Note: Dough should not be runny like a batter, but rather a sticky smooth dough.

Spoon dough into a churrera (a large cookie press) or pastry bag.

Carefully squeeze dough into hot oil and fry until golden brown. Remove with a slotted spatula or long-handled fork. Place on a paper towel to drain.

Once drained, cut into manageable lengths. Sprinkle with sugar or drizzle with honey and serve.

The Spanish are known to be locos for chocolate, since they “discovered” it in the New World 500 years ago. As in centuries past, today the Spanish drink rich hot chocolate for breakfast, so thick that you can make a churro stand in it! If the only hot cocoa you’ve ever had is the kind made with powdered envelopes of mix and hot water, you won’t recognize this incredibly rich and flavorful drink. In fact, once you try the Spanish version of hot chocolate, you might be hooked!

There are two versions below - one that uses baking chocolate and one that uses sweetened chocolate.

Prep Time: 10 minutes


• Sweet Chocolate Version

• 2 8-ounce cups whole milk

• 4 ounces milk chocolate

• 1/2 tsp. cornstarch

• Baking Chocolate Version

• 2 8-ounce cups whole milk

• 3 ounces (3 squares) baking chocolate

• 1/3-1/2 cup sugar

• 1/2 tsp. cornstarch
With either type of chocolate, the process is almost the same:

Pour the milk into a medium saucepan and add the cornstarch. Whisk to dissolve the cornstarch. Once the cornstarch is dissolved, heat the milk on medium heat just until it boils, then remove from heat. Add the chocolate squares immediately and begin stirring until the chocolate is completely melted. If the milk cools off too fast, place the pan back on the stove on low heat to melt the chocolate.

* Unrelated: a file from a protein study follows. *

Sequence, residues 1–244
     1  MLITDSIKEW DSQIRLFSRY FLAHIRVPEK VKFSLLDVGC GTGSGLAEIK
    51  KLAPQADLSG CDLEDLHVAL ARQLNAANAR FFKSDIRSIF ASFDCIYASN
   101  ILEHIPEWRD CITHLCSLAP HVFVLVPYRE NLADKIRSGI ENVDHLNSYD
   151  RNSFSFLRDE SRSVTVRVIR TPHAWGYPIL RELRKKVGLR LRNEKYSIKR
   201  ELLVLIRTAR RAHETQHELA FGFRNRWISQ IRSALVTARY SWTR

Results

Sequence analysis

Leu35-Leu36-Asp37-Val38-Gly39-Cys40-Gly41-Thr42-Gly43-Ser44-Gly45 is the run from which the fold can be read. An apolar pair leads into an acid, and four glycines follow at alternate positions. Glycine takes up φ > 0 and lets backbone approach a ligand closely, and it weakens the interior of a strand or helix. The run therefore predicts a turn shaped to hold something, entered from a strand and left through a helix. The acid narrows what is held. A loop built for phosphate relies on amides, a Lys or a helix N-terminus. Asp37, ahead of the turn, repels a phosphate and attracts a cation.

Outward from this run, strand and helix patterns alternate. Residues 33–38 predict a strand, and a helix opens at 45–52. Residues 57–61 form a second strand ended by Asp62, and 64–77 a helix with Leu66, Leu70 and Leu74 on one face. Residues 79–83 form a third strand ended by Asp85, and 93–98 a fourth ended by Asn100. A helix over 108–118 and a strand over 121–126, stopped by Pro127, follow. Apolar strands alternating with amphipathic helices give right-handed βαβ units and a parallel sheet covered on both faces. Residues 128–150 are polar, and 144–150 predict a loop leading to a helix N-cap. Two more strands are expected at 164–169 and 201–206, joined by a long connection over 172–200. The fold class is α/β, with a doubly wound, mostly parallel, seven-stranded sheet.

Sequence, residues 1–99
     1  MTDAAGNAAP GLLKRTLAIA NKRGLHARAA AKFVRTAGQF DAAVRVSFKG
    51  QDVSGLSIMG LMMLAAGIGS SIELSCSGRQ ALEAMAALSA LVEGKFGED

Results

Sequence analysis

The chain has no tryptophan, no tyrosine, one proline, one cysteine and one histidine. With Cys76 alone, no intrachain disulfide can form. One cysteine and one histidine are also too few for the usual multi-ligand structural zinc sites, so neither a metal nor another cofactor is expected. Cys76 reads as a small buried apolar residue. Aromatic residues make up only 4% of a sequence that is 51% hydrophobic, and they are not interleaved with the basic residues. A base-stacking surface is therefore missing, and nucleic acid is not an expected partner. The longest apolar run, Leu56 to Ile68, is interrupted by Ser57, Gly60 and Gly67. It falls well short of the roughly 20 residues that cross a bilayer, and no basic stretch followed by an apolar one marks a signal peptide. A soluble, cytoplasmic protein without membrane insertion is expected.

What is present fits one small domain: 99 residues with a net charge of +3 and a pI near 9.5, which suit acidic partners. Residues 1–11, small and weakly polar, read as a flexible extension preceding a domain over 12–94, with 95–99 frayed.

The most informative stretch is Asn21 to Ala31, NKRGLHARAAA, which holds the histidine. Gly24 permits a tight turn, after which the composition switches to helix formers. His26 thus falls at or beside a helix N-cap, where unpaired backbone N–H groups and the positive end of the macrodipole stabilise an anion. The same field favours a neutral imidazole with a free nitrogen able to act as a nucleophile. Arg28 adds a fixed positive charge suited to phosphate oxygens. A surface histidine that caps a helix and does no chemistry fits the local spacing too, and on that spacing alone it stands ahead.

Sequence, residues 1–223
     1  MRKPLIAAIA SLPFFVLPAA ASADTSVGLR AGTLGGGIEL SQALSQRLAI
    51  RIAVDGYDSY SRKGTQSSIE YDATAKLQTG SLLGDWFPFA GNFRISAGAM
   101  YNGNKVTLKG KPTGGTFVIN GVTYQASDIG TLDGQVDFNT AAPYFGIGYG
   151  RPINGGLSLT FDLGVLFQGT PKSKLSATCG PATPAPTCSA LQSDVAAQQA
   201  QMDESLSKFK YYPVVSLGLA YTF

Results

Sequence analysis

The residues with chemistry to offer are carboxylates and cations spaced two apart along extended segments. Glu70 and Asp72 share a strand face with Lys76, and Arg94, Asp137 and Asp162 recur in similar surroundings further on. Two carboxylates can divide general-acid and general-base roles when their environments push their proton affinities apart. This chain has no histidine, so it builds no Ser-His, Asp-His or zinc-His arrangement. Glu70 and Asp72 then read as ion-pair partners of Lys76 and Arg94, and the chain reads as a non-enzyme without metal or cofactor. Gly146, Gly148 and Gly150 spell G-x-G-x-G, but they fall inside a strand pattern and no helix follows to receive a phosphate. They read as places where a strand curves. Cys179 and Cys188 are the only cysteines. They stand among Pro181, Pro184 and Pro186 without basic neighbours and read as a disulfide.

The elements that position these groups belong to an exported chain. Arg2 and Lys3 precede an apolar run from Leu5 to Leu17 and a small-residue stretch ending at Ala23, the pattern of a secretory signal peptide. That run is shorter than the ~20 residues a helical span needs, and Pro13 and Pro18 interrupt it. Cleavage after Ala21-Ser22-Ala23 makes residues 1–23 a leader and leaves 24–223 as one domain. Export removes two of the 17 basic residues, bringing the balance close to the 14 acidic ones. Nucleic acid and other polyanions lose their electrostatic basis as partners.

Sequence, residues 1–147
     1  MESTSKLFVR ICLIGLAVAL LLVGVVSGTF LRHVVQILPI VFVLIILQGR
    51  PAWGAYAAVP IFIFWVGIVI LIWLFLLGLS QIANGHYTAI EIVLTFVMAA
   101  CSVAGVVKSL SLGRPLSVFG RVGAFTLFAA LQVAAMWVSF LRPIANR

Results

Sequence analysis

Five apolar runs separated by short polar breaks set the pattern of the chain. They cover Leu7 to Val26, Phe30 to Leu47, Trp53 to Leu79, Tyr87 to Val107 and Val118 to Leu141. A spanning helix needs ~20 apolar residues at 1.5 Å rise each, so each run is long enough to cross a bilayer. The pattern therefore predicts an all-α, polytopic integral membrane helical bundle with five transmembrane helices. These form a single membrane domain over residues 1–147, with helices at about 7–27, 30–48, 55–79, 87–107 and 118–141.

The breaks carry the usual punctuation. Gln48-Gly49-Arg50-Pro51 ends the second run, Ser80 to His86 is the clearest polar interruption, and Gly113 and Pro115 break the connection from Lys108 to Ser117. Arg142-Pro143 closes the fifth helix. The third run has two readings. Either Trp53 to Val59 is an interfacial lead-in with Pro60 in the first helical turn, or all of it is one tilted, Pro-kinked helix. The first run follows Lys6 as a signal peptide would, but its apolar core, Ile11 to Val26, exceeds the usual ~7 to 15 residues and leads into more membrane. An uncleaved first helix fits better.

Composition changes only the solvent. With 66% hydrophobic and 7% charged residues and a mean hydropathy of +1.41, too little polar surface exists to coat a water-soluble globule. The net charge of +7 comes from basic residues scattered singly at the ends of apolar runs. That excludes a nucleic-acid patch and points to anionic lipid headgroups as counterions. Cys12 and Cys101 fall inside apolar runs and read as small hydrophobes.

If you are using baking chocolate, which is unsweetened, pour the sugar into the chocolate milk mixture and stir until thoroughly dissolved.

Place the pan back on the stove on medium low heat, stirring slowly, but constantly. (Do not cook the mixture over high heat because it may cause lumping.) Taste the chocolate for sweetness and add more sugar if necessary.

The mixture should thicken quickly. As soon as you see it thicken, remove the pan from the heat so the cornstarch will not thin. Ladle immediately into cups and serve piping hot.

Note: Be sure to use a clean spoon every time you taste the chocolate. Enzymes from your mouth can cause a thickened cornstarch mixture to thin.

2 Response to "Churros.... the taste still lingers on my tongue.."

  1. Mangala Says:

    so manju,writing recipes toooooooooo?gud work.want any help?


  2. Tandarin Nike Says:

    First of all, welcome to my blog. Secondly thanks Mangala for the comments. Cookery is not my forte and hence I leave it to the experts like you and my wife. Churro was on my mind since a long time. A bit of research on the net got me all the relevant information including the recipe. Hence the post. Please do visit my blog and leave a comment every time. Regards!